James Patterson’s ReadKiddoRead: ReadKiddoRead.com is a hassle-free online resource that helps parents, teachers, adults, and librarians identify books that kids will love. When Patterson found out that his son Jack did not share his passion for books, He took it upon himself to fix the situation by choosing books he knew his son would love. He even started writing books for kids to get Jack interested. The author's motivation led him to create ReadKiddoRead.com. “There are millions of kids who have never read a book they’ve liked. There are also thousands of children’s books out there. This site lists the ones they won’t be able to resist,” Patterson says. Children’s literature consultant Judy Freeman also works on the site, writing a bulk of the reviews. Even though the original target audience was to be grownups, kids are using the site as well. “We’re ecstatic over winning this recognition,” says Patterson. “The site is working. And with the National Book Foundation on our side, I hope many more adults will be inspired to take their kids’ reading habits into their own hands.”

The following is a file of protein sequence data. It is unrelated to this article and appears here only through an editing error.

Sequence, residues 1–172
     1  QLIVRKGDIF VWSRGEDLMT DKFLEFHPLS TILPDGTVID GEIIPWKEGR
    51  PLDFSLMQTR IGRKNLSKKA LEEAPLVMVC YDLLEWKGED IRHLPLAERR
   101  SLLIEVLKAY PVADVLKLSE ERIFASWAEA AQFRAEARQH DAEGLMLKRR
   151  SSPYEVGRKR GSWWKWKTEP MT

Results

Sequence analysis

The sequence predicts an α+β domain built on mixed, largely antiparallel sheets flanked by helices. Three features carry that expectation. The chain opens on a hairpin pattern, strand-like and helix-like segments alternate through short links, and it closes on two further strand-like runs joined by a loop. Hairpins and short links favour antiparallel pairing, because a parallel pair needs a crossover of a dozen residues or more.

Fathers Bridging the Miles: Fathers Bridging the Miles is a program of Read to Me International, a Hawaii-based non-profit devoted to children's literacy. The program provides children of incarcerated fathers in the Saguaro Correctional Center in Eloy, Arizona, with a unique and meaningful way to develop a love of reading by recording inmates reading children’s books onto CDs. The recorded reading and a copy of the book are mailed to their children bimonthly. This program works on many levels. Incarcerated men maintain a strong bond with their children through books, as well as improve their reading skills. Their children are able to hear their fathers read stories to them, despite the miles between them. According to Pat Mizuno, the Program Director, “It is amazing to see the relationships between fathers and their children bloom over books and reading. The children enjoy getting the books in the mail and love listening to their fathers’ voices. We know our program is having an impact when we meet former program participants after being paroled and they are still reading to their children!”